Ellen Trimper

Account Manager

“Working on Great Lakes/Seaway Review has taken me from having a simple appreciation of the Great Lakes from a living/recreation standpoint to a deeper understanding of the system and all it encompasses.”

Rex Cassidy

Account Manager

“Any successful business relies on timely, accurate information to stay ahead in their industry. Great Lakes/Seaway Review magazine is a trusted source of news and analysis of information needed by all members of the maritime community.”

Pat Rumpler

Account Manager

“Historically, many of my family members have traveled the Great Lakes as ship captains, first mates and engineers. In fact, I had a family member perish when the Bradley went down in November 1958. As a child, my aunt would take me to the port in Rogers City to watch the ships load and unload their cargo. The mystique and beauty of the Great Lakes have been of particular interest to me.
“For the past 26 years, I have had the privilege of working with this talented team, which truly supports and advocates for the Great Lakes/St. Lawrence Seaway system.”

Sheri Rhoads


“As an advocate for water, a member of Friends of the Boyne River, I appreciate what I learn from the magazine each time I proof its stories. The technology being developed to assure environmental sustainability shows how industry stake-holders live as environmentalists, too.”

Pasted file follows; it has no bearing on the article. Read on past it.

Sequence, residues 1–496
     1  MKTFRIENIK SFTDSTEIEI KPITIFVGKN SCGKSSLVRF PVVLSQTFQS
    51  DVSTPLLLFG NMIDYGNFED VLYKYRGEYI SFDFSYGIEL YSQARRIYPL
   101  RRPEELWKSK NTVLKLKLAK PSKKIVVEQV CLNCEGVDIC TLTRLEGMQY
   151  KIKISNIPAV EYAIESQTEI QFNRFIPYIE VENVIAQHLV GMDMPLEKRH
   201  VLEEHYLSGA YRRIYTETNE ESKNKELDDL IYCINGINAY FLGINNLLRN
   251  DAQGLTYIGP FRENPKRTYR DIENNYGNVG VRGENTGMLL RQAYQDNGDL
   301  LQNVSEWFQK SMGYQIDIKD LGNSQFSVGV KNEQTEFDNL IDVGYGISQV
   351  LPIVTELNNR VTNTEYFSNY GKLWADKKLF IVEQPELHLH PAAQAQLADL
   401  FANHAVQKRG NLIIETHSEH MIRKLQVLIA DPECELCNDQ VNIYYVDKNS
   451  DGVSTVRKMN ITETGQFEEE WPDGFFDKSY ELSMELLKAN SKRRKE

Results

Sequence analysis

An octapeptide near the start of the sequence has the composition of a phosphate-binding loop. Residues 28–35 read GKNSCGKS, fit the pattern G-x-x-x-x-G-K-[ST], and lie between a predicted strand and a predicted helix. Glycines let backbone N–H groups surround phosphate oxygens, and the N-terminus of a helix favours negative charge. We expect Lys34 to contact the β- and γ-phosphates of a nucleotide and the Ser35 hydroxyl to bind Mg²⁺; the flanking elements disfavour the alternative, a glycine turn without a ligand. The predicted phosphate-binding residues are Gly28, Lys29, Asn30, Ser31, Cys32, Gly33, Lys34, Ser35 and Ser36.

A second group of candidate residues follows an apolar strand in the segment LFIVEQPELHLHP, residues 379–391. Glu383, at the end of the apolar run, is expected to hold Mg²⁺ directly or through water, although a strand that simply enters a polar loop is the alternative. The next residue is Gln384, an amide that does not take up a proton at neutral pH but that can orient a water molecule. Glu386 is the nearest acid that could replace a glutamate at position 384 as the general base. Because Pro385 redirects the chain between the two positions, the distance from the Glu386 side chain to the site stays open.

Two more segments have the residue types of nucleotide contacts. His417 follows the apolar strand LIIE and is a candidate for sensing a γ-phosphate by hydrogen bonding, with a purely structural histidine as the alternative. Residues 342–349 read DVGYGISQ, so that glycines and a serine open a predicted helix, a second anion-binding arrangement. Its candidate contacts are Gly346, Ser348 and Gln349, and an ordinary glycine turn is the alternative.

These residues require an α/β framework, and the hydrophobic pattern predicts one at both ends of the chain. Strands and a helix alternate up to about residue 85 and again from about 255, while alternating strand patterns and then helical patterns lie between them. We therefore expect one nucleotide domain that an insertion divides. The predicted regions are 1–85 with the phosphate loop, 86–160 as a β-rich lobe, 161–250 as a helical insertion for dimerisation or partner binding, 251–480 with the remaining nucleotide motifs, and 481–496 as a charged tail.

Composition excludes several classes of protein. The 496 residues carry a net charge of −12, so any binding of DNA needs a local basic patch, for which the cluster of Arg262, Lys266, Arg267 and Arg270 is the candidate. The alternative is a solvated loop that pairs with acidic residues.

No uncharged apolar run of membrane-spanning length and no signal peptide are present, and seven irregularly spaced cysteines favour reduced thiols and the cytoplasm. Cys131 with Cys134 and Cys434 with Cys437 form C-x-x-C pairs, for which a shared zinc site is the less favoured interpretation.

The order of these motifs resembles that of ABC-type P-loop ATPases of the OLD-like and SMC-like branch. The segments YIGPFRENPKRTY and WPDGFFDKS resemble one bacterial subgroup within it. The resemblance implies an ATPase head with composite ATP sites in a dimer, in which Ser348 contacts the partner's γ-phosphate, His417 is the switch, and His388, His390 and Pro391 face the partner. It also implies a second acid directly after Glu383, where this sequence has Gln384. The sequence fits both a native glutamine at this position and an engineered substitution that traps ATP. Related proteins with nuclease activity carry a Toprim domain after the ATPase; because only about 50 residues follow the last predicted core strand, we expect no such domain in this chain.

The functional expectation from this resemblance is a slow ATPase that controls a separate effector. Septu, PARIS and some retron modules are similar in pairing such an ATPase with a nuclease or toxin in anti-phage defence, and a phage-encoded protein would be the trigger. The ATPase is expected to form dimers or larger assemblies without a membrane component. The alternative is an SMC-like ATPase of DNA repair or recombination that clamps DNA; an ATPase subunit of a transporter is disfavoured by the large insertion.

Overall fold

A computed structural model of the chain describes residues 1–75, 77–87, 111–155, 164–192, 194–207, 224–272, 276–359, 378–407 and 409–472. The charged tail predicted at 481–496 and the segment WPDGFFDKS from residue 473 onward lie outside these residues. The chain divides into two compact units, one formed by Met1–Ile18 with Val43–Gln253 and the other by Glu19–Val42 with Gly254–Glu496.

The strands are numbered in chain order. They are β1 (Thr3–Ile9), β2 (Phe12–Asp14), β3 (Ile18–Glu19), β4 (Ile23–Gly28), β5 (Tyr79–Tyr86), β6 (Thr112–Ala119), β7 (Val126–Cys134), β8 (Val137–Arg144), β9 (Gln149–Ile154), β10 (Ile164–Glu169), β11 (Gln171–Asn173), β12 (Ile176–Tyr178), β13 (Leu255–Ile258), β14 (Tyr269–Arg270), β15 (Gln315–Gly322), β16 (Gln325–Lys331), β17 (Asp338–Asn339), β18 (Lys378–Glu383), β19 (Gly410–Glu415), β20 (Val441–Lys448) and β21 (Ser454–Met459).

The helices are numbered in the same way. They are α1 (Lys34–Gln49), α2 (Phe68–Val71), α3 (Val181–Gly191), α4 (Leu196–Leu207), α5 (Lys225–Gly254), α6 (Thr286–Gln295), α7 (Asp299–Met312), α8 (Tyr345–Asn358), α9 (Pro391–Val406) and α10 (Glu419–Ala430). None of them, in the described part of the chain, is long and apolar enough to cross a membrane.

Carol Ochs

Office Manager

“I have early childhood memories of my dad loading us in the car on a Sunday afternoon and driving up to the Soo to watch the boats go through the locks, eat ice cream and buy saltwater taffy. I still go several times during the season. I have always loved that you can talk to the sailors on the ships—asking them where they’ve been and what they’re hauling. It’s like the whole world is at your doorstep.”

Jacques LesStrang

Publisher Emeritus

“Lake ports can grow no faster than shipping will permit. Shipping cannot grow beyond the capabilities of the ports. Yet neither has come close to reaching their present potential and will not until the savings in time and in dollars is fully understood by those who make the decisions on how and when and where to move goods. To the ends of development and information, the Seaway Review dedicates itself.”

Dave Knight

Editor from 1985-2003

“Jacques LesStrang, founder of Great Lakes/Seaway Review, had many talents, or “skill sets,” as we say today. But one that served him particularly well throughout his career as a writer, editor, publisher, publicist, etc., was his knack for knowing a good story when he saw it. And the story he recognized in 1969—the 10th anniversary of the opening of the St. Lawrence Seaway—was as good as it gets. In fact, that story was so good it is still being told today, 50 years later.
“The publication created by LesStrang, or “J.L.” as his staff knew him, to mark the Seaway’s 10th anniversary was so well done, and so well received, that it grew legs, as it were, and took off running as a full-color, high-quality quarterly which became the most widely recognized chronicler of the Great Lakes/St. Lawrence Seaway system. Having Great Lakes/Seaway Review continue in that role today speaks volumes about the ongoing commitment of the current Publisher Michelle Cortright to Jacques LesStrang’s vision and high standards. Staying competitive in today’s information scrum is challeng-ing, to say the least, for print media. It requires dynamic, well-researched, topical content presented accurately and in a visually compelling format. In other words, it requires telling a good story. That was true in 1969, it is still true today and nobody tells it better than Great Lakes/Seaway Review.”